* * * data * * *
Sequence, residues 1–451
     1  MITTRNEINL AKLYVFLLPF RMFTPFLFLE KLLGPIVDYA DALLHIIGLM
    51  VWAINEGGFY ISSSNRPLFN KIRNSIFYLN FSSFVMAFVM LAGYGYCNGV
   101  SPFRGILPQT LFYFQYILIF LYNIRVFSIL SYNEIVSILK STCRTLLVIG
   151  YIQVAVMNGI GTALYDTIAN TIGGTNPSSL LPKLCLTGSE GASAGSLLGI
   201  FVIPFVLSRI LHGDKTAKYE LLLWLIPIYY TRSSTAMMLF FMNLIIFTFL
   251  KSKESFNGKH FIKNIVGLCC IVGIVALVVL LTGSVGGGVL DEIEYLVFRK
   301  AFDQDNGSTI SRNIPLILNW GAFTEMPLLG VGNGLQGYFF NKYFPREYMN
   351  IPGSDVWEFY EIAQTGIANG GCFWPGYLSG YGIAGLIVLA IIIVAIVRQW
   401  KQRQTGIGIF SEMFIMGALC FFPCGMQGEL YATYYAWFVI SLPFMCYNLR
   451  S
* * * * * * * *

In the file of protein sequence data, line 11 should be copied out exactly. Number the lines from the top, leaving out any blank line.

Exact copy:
   451  S